Way back when: Today in history
BY GENE CURTIS
Thursday, December 20, 2012
12/20/12 at 3:40 AM
1989 - U.S. invades Panama
American forces invaded Panama in Operation Just Cause, an attempt to arrest dictator Manuel Noriega, a former strong ally of the U.S., and to allow a new president to take office. More than 20,000 troops began the invasion shortly after midnight.
By daybreak, Noriega's headquarters had been burned. Noriega surrendered a few weeks later and was sentenced to 40 years for drug trafficking and racketeering. It was later reduced to 30 years.
1991 - Militant kills daughter
Palestinian militant Zein Isa, a reputed member of the Abu Nidal terrorist organization, and his wife, Maria, were sentenced to death by a St. Louis court for the honor killing of their Americanized youngest daughter, Palestina, 16.
Evidence at the trial included a seven-minute recording during which Isa was heard shouting in Arabic, "Die! Die quickly! Die, my daughter, die" as he stabbed her while her mother held her down.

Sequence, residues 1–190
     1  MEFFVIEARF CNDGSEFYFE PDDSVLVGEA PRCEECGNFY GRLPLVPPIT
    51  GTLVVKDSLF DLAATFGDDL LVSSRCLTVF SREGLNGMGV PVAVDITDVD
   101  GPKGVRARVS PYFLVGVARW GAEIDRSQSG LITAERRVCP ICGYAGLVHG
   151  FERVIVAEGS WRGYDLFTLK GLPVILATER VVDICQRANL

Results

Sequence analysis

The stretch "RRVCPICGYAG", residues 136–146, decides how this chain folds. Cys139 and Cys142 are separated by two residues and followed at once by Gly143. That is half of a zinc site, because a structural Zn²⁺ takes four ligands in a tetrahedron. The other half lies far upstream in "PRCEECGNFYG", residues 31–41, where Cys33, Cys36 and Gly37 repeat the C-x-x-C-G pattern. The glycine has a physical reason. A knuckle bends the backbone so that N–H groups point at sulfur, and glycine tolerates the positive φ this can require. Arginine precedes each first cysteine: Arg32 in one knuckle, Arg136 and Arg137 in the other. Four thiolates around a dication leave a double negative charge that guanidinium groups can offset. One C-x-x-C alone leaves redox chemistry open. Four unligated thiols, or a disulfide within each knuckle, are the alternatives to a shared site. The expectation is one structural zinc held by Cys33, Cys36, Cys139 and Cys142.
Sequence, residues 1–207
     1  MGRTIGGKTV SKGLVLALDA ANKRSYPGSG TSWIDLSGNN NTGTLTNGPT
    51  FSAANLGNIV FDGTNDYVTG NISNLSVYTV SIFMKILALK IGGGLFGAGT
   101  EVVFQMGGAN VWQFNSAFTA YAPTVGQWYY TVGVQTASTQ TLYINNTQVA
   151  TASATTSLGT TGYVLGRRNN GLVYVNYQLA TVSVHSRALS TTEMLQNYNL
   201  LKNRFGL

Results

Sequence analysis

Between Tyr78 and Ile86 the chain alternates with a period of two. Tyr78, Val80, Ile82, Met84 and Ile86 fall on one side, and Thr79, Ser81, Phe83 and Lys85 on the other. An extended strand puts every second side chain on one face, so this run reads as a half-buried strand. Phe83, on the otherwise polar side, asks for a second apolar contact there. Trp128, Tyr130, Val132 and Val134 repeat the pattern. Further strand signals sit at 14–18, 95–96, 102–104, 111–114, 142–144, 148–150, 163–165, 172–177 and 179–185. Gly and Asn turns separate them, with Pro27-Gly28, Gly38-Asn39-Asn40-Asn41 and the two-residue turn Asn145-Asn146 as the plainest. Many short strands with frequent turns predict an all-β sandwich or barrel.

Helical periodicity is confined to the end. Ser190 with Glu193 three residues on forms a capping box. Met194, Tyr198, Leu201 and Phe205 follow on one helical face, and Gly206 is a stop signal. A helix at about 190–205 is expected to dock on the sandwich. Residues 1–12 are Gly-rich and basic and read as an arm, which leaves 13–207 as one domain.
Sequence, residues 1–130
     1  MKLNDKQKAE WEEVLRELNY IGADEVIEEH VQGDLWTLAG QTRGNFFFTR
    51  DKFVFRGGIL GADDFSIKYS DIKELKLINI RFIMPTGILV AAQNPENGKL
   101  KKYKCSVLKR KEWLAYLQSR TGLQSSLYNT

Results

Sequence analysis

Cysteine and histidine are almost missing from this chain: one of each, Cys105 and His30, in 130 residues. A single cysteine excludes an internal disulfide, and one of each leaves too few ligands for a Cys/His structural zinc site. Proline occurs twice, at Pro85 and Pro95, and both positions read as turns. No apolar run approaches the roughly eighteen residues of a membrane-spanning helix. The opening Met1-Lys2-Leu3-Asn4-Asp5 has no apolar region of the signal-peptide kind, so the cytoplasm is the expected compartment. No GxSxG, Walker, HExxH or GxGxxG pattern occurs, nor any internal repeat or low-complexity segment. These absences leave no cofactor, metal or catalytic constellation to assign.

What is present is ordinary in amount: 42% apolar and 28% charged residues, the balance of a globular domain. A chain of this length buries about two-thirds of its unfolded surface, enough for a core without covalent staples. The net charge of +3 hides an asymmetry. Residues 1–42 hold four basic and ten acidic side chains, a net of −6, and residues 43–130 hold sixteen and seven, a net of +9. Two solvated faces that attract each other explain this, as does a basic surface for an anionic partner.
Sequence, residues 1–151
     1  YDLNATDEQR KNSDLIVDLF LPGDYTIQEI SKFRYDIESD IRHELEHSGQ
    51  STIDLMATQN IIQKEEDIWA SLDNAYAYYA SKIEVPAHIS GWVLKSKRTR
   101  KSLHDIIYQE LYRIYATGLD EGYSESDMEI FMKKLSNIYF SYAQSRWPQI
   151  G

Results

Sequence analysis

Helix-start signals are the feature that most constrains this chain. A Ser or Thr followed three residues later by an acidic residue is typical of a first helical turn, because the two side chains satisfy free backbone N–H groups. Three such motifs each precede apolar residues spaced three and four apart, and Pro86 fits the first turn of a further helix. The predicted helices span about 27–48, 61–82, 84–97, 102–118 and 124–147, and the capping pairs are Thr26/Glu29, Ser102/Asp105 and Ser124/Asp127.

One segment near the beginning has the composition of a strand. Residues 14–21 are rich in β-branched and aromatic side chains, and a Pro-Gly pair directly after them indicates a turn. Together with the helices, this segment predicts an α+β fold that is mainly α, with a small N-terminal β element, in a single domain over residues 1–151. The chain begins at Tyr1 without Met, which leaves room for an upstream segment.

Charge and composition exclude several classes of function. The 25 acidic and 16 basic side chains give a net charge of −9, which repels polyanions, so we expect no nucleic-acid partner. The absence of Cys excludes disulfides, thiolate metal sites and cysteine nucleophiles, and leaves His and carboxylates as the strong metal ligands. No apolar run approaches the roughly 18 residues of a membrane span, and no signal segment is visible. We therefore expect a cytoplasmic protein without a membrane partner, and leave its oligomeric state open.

Isa later was indicted on a charge of conspiring to kill Jews, blow up the Israeli Embassy in Washington and buy weapons and smuggle money to other Abu Nidal members. Isa died of diabetes while awaiting execution; Maria Isa's sentence was commuted to life imprisonment.
1994 - White House shooting
Marcelino Corniel, a homeless man, was shot and mortally wounded in front of the White House by a Park Police officer after Corniel ran across Pennsylvania Avenue brandishing a knife bayonet style.
Witnesses said Corniel, 33, had threatened an officer before another officer shot him. Corniel had complained that homeless were being harassed by police. The shooting came just three days after a 9 mm bullet pierced a State Dining Room window and less than two months after a man sprayed the front of the building with rifle fire.
2007 - Picasso art stolen
Thieves in Sao Paulo used a crowbar and a car jack to break into the Sao Paulo Museum of Art where they stole paintings by Pablo Picasso and other artists worth millions of dollars. Police said they made a few jabs with the crowbar and then slipped a jack under the metal security gate, lifting it high enough to squeeze through just before dawn. Police recovered the Picasso, valued at $50 million, and other paintings about a month later.
Julio Neves, president of Sao Paulo's Museum of Art, displays recovered paintings that were stolen from the museum. AP file